But the remaining 30 percent of spots at these schools are reserved for students with the highest overall scores, regardless of what tier they live in. That means, hypothetically, almost half the students at any school could come from Tier Four: the 17.5 percent reserved for that tier, plus the 30 percent of overall top scorers. And as little as 17.5 percent could come from Tier One.

It’s not just students’ income and background that makes the playing field uneven. The tests themselves—and the private test-prep system—also contribute to the unequal outcomes. The tests include material that is usually not covered in middle school, but which can be learned through private test prep. Since the MAP test is adaptive, a student will “level up” to harder questions only if they successfully answer the easier ones. To get a top score, you need to correctly answer the questions that test this advanced material.

I attended a National Blue Ribbon middle school—this distinction is awarded to the state’s highest performing schools as measured by standardized test scores. However, when I took the CPS entrance tests, they included questions that went beyond what I had been taught there. For example, on the math portion of the MAP test, topics included imaginary numbers and geometric formulas, which are alien to many 13-year-olds. Unless the student had previously encountered those types of problems and memorized the relevant formulas, they were unlikely to achieve a score high enough for admission into a magnet school and, by extension, colleges like UChicago.

One way around this knowledge gap is accessing a tutor through private companies, which often charge exorbitant fees. At Test Prep Chicago, which many of my middle school friends used, five hours of tutoring will set you back $475. If you live in the Gold Coast, where the median household income is upwards of $150,000, this is nominal. However, if you live in West Garfield Park, where the median household income is just under $24,000, you will likely think twice before shelling out that kind of money. CPS actually discourages students from taking test prep classes, even though it is almost impossible to get a top score without them. I took test prep classes and found them very helpful, especially on the math portion, as did many of my friends.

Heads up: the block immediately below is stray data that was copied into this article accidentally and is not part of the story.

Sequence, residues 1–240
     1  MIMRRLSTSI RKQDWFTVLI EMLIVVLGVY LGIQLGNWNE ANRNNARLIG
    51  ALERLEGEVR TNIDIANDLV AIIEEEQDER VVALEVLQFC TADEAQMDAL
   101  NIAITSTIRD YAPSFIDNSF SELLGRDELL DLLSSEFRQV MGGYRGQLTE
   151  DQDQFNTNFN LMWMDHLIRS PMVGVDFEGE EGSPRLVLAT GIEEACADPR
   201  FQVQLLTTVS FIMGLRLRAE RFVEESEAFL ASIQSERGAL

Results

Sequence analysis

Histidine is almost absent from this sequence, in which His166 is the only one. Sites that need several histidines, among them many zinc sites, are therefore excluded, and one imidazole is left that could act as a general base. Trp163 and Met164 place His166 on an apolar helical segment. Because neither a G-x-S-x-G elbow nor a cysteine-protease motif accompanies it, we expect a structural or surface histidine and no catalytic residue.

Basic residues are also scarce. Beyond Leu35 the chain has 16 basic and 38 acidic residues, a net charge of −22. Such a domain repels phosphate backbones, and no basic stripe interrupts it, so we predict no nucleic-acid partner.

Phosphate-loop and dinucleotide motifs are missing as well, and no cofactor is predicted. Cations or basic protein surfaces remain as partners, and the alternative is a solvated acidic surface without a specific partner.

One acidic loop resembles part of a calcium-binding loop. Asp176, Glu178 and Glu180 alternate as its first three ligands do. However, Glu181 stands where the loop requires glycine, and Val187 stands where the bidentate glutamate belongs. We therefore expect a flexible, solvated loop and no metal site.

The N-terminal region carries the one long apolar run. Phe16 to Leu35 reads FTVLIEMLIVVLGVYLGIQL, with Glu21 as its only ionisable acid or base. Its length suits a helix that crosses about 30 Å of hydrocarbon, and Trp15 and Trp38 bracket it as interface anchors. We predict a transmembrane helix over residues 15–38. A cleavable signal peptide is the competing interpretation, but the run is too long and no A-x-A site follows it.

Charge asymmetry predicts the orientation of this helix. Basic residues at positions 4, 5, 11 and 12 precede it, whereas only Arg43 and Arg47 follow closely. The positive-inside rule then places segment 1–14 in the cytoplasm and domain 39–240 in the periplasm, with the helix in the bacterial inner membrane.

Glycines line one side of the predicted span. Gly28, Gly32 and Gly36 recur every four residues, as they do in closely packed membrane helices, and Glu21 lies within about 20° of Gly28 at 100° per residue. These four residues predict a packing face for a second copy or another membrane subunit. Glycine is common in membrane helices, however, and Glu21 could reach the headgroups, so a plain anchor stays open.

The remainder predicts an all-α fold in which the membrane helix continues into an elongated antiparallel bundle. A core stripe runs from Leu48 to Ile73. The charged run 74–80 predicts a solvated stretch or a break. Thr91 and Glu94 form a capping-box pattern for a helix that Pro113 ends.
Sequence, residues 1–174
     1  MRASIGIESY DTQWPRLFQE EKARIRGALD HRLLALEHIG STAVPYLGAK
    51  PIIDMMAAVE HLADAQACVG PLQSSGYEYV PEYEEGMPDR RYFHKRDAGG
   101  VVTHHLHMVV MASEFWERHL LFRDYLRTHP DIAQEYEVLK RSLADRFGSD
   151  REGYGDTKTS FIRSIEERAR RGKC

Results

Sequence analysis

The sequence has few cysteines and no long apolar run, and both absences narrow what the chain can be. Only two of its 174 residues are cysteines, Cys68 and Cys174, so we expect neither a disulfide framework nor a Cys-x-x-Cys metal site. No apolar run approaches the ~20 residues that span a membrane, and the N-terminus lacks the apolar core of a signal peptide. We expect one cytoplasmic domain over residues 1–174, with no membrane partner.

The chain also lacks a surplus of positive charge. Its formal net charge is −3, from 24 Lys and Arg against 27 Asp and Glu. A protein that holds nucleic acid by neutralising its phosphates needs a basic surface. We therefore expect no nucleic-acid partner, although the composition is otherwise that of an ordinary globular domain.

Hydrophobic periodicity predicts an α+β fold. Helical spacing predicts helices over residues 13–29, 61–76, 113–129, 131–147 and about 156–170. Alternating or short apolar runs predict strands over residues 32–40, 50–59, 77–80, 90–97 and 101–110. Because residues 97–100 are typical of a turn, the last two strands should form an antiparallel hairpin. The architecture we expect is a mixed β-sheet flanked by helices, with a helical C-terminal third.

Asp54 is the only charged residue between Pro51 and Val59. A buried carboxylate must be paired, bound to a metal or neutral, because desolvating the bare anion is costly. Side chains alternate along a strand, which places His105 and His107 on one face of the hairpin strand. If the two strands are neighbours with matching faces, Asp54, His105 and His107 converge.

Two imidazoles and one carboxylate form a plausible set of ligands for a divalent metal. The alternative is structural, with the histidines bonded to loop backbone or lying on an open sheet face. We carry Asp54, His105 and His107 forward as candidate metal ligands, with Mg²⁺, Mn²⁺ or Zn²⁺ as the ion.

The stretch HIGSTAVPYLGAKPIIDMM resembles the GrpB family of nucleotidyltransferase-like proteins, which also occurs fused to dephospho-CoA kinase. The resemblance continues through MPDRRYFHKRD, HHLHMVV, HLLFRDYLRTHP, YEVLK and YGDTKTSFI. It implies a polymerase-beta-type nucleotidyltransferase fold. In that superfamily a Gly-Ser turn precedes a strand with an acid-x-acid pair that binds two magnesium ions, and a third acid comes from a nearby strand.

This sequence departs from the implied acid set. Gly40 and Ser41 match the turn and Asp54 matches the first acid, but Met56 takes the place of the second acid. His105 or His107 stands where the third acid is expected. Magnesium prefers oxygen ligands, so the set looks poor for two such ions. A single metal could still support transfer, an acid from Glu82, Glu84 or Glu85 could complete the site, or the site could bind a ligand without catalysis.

The playing field will be unequal as long as test prep is only accessible to wealthier students. But it doesn’t have to be this way. CPS should take steps towards ensuring that all their students are adequately prepared for these tests. They could, for example, partner with a test prep company like Academic Approach to offer free prep classes for the selective enrollment exam at every public elementary school in Chicago. Or they could include better test prep in the seventh- and eighth-grade core curriculum, ensuring that students will encounter these concepts in the classroom before seeing them on test day. Given UChicago’s relationship with CPS magnet high schools, the University administration should encourage these changes. Taking these steps will help every child in the city achieve their highest potential score on the entrance tests, and, as a result, give them a fair shot at eventually ending up at a leading institution like the University of Chicago.


Sam Litwinski is a junior at Walter Payton College Preparatory High School.

One of the schools, Northside, does not appear to have a social media page for college admissions, but its website has information from 2019.